All that said, we’re looking for every opportunity to reduce inventory and have two focused teams at our Velvac and Eberhard operation, the largest consumers of our inventory due to the structure of our business to review each of their overall supply chains for opportunities. At the same time, we’re establishing very specific plans at each of our businesses for operating cost reductions should we see certain factors change in a market. At this time, our order intake and backlog across most of our businesses do not suggest the need to deploy these plants on a companywide basis, but we’re going to remain vigilant and ready for such a scenario.
Finally, I think it’s important to stress that our balance sheet remains solid. Our liquidity continues to improve demonstrated by a very strong current ratio of 3.0 times for the second quarter of 2022. We were also able to deploy capital in order to repurchase over 29,000 shares of common stock in the quarter. Moreover, we believe that we’re prepared for a rising interest rate environment with over 50% of our term debt locked in at fixed interest rates through an interest rate swap agreement.
With that, I’ll hand it over to Peter to take you through the detailed commentary on the second quarter results.
Thank you, Gus, and good morning to everyone who is on the call today. My remarks this morning will focus on Eastern’s results for the second quarter of 2022. For the quarter, net sales increased 14% to $69.5 million from $61.2 million a year earlier. Sales increased primarily due to the increased demand for truck accessories and automotive returnable transport packaging products as well as from distributors.
Our returnable transfer packages sales have continued to benefit from an increase in upcoming new automotive launches, including several electric vehicle launches. The effect of volume on existing products increased net sales by 9.3% year-over-year while price increases in new products contributed to the initial 4.2%. Price increases primarily reflected our efforts recover increases in raw materials and freight costs.
Gross margin as a percent of sales was 23% in the second quarter of 2022 broadly in line with the prior year. As Gus outlined, we have worked with our — many of our major customers to agree upon new pricing, that took effect towards the latter half of the second quarter and the beginning of the third quarter of 2022. We expect those increases will continue to have a more fuller effect in the third quarter and beyond.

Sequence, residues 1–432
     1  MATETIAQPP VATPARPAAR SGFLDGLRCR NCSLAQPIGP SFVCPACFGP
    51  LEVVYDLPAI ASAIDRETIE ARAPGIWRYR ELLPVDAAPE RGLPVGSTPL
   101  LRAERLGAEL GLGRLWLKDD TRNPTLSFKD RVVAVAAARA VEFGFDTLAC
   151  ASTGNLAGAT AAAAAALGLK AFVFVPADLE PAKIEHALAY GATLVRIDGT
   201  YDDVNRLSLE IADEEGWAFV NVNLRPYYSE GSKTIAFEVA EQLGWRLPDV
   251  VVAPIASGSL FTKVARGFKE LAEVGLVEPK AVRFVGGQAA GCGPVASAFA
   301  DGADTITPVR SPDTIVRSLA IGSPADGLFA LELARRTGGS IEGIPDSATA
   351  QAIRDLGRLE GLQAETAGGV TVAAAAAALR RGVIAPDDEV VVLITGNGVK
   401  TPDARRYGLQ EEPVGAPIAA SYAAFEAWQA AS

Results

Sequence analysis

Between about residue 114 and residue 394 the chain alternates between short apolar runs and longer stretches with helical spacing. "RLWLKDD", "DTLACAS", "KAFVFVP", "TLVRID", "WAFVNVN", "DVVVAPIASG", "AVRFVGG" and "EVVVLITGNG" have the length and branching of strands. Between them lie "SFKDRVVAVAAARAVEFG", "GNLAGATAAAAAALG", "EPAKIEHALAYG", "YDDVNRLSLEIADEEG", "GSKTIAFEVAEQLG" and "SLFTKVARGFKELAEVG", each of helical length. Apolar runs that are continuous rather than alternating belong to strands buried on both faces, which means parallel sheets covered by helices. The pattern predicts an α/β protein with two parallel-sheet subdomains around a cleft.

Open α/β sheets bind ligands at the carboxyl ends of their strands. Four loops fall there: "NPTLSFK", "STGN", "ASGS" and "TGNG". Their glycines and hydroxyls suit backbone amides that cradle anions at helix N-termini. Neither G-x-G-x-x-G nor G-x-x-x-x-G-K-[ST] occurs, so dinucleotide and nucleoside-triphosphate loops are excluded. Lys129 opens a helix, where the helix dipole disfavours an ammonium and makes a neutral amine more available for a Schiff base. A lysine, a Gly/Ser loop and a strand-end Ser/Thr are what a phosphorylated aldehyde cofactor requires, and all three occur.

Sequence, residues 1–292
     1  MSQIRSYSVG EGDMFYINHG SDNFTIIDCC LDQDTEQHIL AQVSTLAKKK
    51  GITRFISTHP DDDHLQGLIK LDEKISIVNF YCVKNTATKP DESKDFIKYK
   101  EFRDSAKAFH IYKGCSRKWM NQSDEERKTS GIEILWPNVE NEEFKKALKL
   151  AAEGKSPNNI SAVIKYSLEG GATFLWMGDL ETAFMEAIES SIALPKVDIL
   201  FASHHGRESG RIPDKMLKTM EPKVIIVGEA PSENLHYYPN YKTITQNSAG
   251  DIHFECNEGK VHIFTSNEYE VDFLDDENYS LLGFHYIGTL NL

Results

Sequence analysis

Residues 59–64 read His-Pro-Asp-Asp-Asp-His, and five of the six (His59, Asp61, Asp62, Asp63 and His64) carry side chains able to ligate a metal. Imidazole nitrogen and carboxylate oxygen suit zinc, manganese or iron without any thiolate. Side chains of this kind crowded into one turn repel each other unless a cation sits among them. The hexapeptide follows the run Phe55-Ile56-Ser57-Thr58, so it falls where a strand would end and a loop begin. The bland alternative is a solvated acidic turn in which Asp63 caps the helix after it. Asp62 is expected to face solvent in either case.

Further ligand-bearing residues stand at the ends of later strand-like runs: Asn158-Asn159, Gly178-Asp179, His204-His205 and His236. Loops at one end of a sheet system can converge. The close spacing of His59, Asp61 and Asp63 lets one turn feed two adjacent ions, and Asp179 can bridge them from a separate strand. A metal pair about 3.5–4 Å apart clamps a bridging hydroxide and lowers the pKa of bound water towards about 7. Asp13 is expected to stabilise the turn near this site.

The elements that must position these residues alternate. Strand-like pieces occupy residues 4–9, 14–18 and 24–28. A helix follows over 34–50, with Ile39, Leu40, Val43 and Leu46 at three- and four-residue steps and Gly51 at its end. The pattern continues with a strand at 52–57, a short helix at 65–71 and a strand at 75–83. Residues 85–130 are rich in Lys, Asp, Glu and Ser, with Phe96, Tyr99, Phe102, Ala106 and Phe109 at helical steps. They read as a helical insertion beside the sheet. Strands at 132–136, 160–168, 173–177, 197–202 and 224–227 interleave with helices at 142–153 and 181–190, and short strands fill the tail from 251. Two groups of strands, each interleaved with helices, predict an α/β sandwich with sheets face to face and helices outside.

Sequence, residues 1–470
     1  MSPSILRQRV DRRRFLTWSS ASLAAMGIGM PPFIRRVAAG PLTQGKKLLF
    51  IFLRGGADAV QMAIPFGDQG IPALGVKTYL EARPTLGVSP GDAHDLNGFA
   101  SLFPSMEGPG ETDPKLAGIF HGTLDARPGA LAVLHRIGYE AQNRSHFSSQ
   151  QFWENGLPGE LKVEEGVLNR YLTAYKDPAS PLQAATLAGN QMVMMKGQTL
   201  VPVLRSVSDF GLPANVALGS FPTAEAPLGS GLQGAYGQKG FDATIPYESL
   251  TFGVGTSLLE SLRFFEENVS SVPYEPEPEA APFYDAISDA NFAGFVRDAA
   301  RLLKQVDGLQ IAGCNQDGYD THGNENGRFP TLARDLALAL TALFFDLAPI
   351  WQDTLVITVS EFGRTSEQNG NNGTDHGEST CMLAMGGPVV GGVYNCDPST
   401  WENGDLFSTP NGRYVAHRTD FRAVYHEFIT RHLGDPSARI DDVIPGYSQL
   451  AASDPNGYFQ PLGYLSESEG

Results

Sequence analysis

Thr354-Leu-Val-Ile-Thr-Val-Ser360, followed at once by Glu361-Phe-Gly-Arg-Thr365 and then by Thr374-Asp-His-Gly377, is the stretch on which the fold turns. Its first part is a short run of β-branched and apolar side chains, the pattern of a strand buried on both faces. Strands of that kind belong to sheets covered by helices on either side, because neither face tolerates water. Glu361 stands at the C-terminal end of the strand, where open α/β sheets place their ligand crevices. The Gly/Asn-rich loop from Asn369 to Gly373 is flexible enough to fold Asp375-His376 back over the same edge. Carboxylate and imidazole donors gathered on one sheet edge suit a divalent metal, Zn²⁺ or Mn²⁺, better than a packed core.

Product development costs increased $100,000 or 12% in the second quarter — decreased 100,000 or 12% in the second quarter of 2022 compared to the second quarter of 2021. As a percent of net sales, product development costs were 1.4% for the quarter compared to 1.8% in the second quarter of 2021.
Selling, general and administrative expenses increased $800,000 or 8% year-over-year, primarily as a result of increased commissions and other selling costs, payroll related expenses and travel costs. The increase in selling expenses reflects both the impact from increased sales as well as strategic investments we have made in our sales capabilities.
Net income from continuing operations for the second quarter of 2022 was $3.7 million or $0.59 per diluted share compared to net income of $2.8 million or $0.44 per diluted share in the prior year. As reflected in the supplemental financial information of our press release, we did not have any adjustments for events outside of our ongoing operations during either the second quarter or for that matter the second quarter of the prior year.
Adjusted EBITDA from continuing operations for the second quarter was $7.2 million compared to $5.8 million in the second quarter of 2021, that represents a 24% increase in EBITDA year-over-year. In terms of operating cash flow, the company generated approximately $1.1 million in cash from continuing operations during the second quarter of 2022 compared to generating approximately $3 million in the second quarter of the prior year.
In the second quarter of 2022, cash flow was impacted by an increase in working capital, principally resulting from the settlement of payables associated with the build of inventory during the first quarter of 2022. The effect of COVID-19 pandemic and related recent shutdowns in China continue to adversely impact our supply chain and as a result, inventories increased in the first quarter and largely remained at those levels for the second quarter as well. As of July 2, 2022, we held cash and cash equivalents of approximately $7.2 million.
And with that, I’ll now turn the call over to Nick.
Thanks, Peter. Operator, I’d like to open the line for questions. I do see that we ask some questions on the webcast and we’ll address those questions first. And then, we’ll turn the questions over to the operator for the ones on the phone.
A – Nicholas Vlahos
What is your view on the likelihood and impact of an economic downturn?
So we’re monitoring demand in our backlog very closely and not just demand by our customers, but also the demand in many of the end markets or demand by their customers and while it remains strong right now and our backlog is very solid. As I mentioned earlier, we have begun to prepare plans so that we can respond very quickly, if we see any softening in any of our end markets.
Thank you, Gus. The next question is, what is the direct impact of increasing interest rates on the Eastern Company?